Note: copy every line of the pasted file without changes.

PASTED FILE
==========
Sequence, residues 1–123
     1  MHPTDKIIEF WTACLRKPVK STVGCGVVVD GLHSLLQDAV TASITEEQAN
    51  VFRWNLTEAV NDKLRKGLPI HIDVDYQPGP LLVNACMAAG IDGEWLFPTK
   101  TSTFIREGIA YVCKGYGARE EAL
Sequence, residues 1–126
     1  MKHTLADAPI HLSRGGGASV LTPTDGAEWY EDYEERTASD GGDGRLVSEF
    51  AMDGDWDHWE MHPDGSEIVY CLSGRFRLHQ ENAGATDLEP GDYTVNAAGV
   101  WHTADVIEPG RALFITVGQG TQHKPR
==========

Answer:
Sequence, residues 1–123
     1  MHPTDKIIEF WTACLRKPVK STVGCGVVVD GLHSLLQDAV TASITEEQAN
    51  VFRWNLTEAV NDKLRKGLPI HIDVDYQPGP LLVNACMAAG IDGEWLFPTK
   101  TSTFIREGIA YVCKGYGARE EAL
Sequence, residues 1–126
     1  MKHTLADAPI HLSRGGGASV LTPTDGAEWY EDYEERTASD GGDGRLVSEF
    51  AMDGDWDHWE MHPDGSEIVY CLSGRFRLHQ ENAGATDLEP GDYTVNAAGV
   101  WHTADVIEPG RALFITVGQG TQHKPR